2. La Carrera is so specialized that it makes absolutely no sense to build your own car. There are dozens for sale on the event’s site. Start with a car that’s been successful in the recent past. You’ll save more than $100,000 and years of trying to figure out the right setup. Rent-a-rides are also advertised on La Carrera’s website; rent a ride with an established team and you’ll save money and have a shallower learning curve.

  3. It’s pretty much impossible to do well on a seven-day event without a lot of expert logistical support. Unless you already have your own professional race team that’s used to rebuilding a car overnight, every night, hook up with some pros bringing other cars and have them service your car as well. Since gasoline, water and food quality in Mexico can vary wildly, experienced teams have learned to bring their own supplies. By the end of the week, even well-prepared cars may require lots of new components. Engine swaps, rewelded frames and total rebuilds are nothing unusual.

  4. It’s possible to do La Carrera in English, but you really need a bilingual navigator or at least one bilingual crewmember to even know what’s happening. Schedules or routes often get changed at the last minute. You’ll also need bilingual help—and maybe a fistful of pesos, but you didn’t hear that from us—to get your car and transporter across the border.

  5. If you can afford it, arrive early to get acclimated to the heat and altitude and to pre-run the route. Serious teams have been making their own route notes during the pre-run ever since the Mercedes-Benz team began doing it in 1952.

  6. Which car to pick? Unless you’re used to racing for hours at a time in a poor-handling, 3500-pound Studebaker with drum brakes and a top speed near 200 mph, it makes a lot of sense to start with something more benign. Porsche literally made a name for itself in La Carrera Panamericana back in the early ’50s, easily running rings around cars with much bigger engines, much bigger reputations and much bigger egos. That’s why Porsche still uses the Carrera badge today. These giant-killers are by far the most popular, reliable and cost-effective cars.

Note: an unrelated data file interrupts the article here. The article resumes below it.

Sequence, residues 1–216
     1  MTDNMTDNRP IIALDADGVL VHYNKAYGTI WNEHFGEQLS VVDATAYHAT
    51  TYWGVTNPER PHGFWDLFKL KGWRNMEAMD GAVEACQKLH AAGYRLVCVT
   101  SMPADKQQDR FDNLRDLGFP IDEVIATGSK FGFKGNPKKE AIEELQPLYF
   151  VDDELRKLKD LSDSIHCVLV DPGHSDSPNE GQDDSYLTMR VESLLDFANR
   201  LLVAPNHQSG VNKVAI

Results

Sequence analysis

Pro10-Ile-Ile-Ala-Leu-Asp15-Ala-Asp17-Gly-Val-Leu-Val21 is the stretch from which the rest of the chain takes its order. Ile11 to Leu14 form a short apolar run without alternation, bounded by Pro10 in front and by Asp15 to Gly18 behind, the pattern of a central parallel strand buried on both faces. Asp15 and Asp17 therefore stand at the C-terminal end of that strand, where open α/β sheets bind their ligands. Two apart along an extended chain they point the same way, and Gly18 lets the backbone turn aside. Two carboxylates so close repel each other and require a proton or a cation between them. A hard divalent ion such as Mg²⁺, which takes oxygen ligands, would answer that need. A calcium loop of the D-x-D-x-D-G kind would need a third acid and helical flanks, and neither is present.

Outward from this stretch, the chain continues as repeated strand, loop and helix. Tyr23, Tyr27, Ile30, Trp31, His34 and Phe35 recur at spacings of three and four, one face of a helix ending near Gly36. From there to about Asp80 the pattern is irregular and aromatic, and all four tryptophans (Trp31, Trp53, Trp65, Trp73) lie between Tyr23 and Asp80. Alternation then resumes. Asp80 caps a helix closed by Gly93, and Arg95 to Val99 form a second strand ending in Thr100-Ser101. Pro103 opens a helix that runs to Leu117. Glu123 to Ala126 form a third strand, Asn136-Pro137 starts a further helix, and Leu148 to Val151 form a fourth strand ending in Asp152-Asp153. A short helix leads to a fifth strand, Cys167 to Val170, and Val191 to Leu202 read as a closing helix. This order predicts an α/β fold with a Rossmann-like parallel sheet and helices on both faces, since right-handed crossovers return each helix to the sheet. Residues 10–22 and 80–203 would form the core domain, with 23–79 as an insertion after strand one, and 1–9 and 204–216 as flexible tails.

7. In a typical year, about 40 of the 120 starters never reach the finish. Breakdowns are common, sometimes with outsized results. It’s also perfectly possible to not only make a mistake yourself, but to get caught up in somebody else’s accident and tumble hundreds of feet down a Mexican mountainside. Rule one: Drive to survive.

  8. Rural Mexico is much more sanitary than it used to be, and most hotels and restaurants that cater to tourists have installed water purification systems. That being said, it’s still possible to wind up with the dreaded Montezuma’s Revenge. As a general rule, don’t drink the water and be wary of local eateries not frequented by tourists. Kent Bain’s stories about wearing adult diapers under his racing suit are funny, but they’re funnier when they’re somebody else’s stories, diapers and ruined Nomex.

  9. Take care of yourself. Sleep whenever you get the chance and stay hydrated. Have your doctor prescribe some useful things to bring with you, like a Z-Pak and naproxen. Even the most iron-stomached navigator will need the occasional Aleve or Dramamine. A personal first-aid kit, your prescription medicines, antibacterial hand cleaner, eye drops, 100 SPF sunblock and other hard-to-find personal items can make you feel at home in a foreign land.

  10. Shrugging into the same driving suit you’ve worn for the past two days is like diving into a stagnant pond covered in disgusting green algae. And you still have four days to go. You’ll want multiple sets of Nomex underwear, multiple driving suits, multiple helmets, etc. Bring at least three of everything, even if you have a washer/dryer in the motorhome.

  11. Raise the limit on your credit card. Transporting your car, spares, mechanics and navigator to the Guatemala border, keeping them housed and fed, and safely transporting them back to the States can easily absorb $50,000.

  12. This is not tiddlywinks. For seven days, you’ll be hot, tired, sunburned, dirty and often lost and/or confused. Don’t expect to finish well. Timing and scoring may be computerized, but it’s often a corrupt joke favoring officials’ relatives and sponsor stockholders.

As a gringo novicio, you’ll have a lot more fun if you relax and enjoy the experience rather than try to prove to the world that you’re the next Kyle Busch. Think of La Carrera as a high-speed guided tour of the most scenic and historic parts of Mexico, areas that few tourists ever see. Most of the route is incredibly lovely, and the Mexican people you meet along the way are typically friendly, eager to help you out, and enthusiastic about cars.

The route goes past fabulous Baroque churches and over the mountainous American Cordillera. You’ll encounter everything from deserts to pine forests to lonely volcanoes. You’ll store up enough memories for a lifetime, or at least enough to lure you back again next year. ¡Vaya con Dios!